Interactive Map: Unions Are Good for Workers and the Economy in Every State

State and national fact sheets

Press call: Robert Reich, Beth Shulman, and Karla Walter

Unions paved the way to the middle class for millions of workers and pioneered benefits along the way, including paid health care and pensions. Even today, union workers earn significantly more on average than their non-union counterparts, are nearly 54 percent more likely to have employer-provided pensions, and are 28 percent more likely to be covered by employer-provided health insurance. Nearly three out of five survey respondents from a Peter Hart Research Associates poll report that they would join a union if they could. Yet workers attempting to unionize currently face a hostile legal environment and are commonly intimidated by aggressive antiunion employers.

Unions Help Keep Wages and Benefits Fair

Click on a state, or on “all states,” to see information about unionization there.

Union workers in state make  

(  per hour)

more than non-union workers, on average.

Drag the blue arrow to adjust the union coverage rate and see how it affects wages earned in the state.
  •  Change in unionized workers (from 2008)
  •  Change in wages earned in   (from 2008)***

Passing the Employee Free Choice Act, which would make it harder for management to threaten workers seeking to join a union, is good for American workers and good for our economy. It would help boost workers’ wages and benefits, which would help state economies and the national economy during tough economic times.

The Employee Free Choice Act would help workers who want to join a union do so by ensuring fairness in the union selection process with three main provisions: workers would have a fair and direct path to join unions through a simple majority sign-up; employers who break the rules governing the unionization process would face stiffer penalties; and a first contract mediation and arbitration process would be introduced to thwart bad-faith bargaining.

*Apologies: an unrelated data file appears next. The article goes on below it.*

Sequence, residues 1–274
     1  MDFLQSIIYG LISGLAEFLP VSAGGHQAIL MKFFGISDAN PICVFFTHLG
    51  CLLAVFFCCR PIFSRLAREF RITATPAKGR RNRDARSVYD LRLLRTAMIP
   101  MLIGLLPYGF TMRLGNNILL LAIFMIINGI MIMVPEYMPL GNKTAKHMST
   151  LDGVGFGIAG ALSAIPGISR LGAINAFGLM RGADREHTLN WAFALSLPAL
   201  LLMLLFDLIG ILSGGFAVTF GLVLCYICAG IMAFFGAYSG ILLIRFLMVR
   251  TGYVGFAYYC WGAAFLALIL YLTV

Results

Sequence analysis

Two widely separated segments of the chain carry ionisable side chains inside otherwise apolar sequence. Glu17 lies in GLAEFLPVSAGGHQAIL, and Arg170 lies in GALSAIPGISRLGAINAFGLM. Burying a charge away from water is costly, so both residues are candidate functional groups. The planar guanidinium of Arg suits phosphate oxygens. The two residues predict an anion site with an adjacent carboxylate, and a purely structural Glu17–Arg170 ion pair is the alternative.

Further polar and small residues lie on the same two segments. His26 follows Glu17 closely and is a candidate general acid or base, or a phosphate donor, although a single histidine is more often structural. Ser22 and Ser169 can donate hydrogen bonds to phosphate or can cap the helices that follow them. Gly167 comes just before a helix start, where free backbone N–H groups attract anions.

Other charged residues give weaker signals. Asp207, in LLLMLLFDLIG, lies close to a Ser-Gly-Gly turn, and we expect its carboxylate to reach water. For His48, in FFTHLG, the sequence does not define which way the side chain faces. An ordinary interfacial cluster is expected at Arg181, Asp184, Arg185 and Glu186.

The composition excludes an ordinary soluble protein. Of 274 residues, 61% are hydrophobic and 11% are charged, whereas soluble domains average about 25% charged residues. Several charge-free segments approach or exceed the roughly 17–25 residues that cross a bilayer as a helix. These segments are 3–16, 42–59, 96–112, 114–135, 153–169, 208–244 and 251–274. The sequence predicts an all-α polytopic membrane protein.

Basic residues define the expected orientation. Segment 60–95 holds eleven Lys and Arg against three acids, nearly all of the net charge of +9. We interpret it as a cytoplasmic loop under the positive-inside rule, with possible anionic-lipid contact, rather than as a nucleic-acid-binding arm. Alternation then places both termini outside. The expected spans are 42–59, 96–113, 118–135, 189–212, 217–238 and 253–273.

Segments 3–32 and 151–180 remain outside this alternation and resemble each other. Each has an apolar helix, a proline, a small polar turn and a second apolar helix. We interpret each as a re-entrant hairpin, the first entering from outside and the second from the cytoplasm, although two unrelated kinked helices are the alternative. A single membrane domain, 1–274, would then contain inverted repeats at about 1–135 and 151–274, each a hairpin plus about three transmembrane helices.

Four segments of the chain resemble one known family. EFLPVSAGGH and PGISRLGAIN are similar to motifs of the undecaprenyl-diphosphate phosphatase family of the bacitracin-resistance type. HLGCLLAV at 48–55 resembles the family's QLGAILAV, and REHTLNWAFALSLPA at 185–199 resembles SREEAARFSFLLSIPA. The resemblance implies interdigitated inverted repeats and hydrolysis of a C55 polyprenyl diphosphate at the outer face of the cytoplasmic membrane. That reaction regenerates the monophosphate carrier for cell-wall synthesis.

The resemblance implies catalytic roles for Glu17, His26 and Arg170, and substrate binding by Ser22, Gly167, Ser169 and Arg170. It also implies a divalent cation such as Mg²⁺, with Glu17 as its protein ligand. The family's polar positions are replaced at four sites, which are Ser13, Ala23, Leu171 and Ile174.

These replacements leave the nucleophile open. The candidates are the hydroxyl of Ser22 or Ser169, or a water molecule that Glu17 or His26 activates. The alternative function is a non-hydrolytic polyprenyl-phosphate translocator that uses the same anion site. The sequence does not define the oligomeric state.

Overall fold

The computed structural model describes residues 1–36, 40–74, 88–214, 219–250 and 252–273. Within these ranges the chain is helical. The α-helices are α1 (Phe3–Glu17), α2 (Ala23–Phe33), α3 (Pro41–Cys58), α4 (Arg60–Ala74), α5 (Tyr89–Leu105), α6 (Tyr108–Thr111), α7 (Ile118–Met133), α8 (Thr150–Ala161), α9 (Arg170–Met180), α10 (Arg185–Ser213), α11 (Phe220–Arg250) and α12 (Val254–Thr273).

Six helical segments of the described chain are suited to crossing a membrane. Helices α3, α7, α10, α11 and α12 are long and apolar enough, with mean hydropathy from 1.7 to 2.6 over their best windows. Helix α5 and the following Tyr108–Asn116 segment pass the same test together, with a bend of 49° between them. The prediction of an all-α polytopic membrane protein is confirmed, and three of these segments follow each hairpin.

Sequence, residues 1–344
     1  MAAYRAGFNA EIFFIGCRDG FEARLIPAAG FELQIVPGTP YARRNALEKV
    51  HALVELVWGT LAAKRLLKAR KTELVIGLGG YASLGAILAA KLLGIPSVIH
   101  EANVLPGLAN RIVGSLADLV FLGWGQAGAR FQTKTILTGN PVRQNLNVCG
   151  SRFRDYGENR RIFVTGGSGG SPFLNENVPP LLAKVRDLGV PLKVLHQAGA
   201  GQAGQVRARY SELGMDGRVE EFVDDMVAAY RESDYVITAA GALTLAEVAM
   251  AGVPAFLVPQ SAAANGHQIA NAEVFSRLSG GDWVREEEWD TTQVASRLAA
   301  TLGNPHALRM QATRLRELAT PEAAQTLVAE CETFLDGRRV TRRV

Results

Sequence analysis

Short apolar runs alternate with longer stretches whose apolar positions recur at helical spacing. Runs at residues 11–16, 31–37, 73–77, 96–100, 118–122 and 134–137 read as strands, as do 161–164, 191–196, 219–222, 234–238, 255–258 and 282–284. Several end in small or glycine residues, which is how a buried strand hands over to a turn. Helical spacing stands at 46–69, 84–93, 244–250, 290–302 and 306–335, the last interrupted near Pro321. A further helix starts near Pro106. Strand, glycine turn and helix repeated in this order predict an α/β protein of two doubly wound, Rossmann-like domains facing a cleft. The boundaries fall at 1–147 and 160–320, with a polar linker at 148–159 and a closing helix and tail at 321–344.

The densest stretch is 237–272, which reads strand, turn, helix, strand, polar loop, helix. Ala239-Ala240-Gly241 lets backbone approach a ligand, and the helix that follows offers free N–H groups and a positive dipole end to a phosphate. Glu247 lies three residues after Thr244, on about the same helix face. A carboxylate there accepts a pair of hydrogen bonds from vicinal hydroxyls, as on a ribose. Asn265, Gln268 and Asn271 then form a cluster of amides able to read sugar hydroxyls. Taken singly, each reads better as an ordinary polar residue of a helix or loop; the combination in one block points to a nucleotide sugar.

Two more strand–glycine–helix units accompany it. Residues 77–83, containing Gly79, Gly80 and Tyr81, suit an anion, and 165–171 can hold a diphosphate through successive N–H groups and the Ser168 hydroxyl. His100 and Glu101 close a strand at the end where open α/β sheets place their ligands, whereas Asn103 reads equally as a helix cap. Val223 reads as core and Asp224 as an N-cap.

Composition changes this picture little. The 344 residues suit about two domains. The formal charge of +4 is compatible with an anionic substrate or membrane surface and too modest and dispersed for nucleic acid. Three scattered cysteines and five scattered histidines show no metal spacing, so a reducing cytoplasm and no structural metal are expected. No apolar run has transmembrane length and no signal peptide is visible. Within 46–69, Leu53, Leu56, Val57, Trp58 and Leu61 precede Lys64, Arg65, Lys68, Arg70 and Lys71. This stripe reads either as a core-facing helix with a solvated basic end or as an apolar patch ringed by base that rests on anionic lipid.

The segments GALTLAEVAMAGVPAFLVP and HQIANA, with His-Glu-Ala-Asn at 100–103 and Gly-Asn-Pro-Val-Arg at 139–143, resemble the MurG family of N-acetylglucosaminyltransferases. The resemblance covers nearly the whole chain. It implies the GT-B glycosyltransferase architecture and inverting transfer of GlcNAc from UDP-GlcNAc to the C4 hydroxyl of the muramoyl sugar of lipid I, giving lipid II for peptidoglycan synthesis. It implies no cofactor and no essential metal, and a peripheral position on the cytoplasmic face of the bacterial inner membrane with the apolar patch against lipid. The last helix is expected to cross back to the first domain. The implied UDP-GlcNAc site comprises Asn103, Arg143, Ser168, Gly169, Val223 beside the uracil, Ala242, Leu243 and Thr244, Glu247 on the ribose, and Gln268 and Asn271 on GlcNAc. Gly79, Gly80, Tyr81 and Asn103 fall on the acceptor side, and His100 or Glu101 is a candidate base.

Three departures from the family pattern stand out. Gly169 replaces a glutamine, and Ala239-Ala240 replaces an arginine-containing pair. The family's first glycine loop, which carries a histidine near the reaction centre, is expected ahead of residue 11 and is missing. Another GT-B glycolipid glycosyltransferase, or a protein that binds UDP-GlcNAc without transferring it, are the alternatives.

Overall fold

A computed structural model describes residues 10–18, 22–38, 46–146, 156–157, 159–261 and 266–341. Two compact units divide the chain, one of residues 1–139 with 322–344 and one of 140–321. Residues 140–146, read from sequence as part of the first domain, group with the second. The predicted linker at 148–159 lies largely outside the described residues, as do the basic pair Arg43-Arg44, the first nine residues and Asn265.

The map above shows the union wage premium—how much higher unionized workers’ wages are then their non-union counterparts on average—and how much more workers in each state would earn in total wages annually if unionization rates increase.

The Center for American Progress Action Fund would like to thank the Center for Economic and Policy Research for providing the state-by-state analysis of the union wage premium.


* Data comes from CEPR analysis of the Bureau of Labor Statistics Current Population Survey Micro Data for all wage and salary workers 16 years and older. The union wage premium uses a four-year study period to determine how much higher, on average, unionized workers’ wages are than their non-union counterparts. The 2004 to 2007 study period was chosen to allow a sample size large enough to conduct a statistically valid state-by-state analysis. The analysis controls for workers’ age, sex, education level, and industry of employment; it includes observations where the Bureau of Labor Statistics has imputed missing wages, which imparts a downward bias on the effects of unionization. The hourly premium is based on the CEPR union wage premium and the 2008 real hourly earnings of all wage and salary workers from the Current Population Survey.

** The first year available for state-by-state union coverage data is 1983. Data is from Hirsch and Macpherson, “Union Membership and Coverage Database from the Current Population Survey,” available at

*** The estimated change in wages earned if union coverage rates changed does not include any estimate of the wage benefit to non-union workers. The estimated change in wages would be higher if this benefit were included. Authors’ calculations are based on CEPR estimates of the union premium, CAPAF analysis of the BLS Current Population Survey for all wage and salary workers 16 years and older, and BLS Current Employment Statistics Survey (National).

For more information:

State and national fact sheets

Press call: Robert Reich, Beth Shulman, and Karla Walter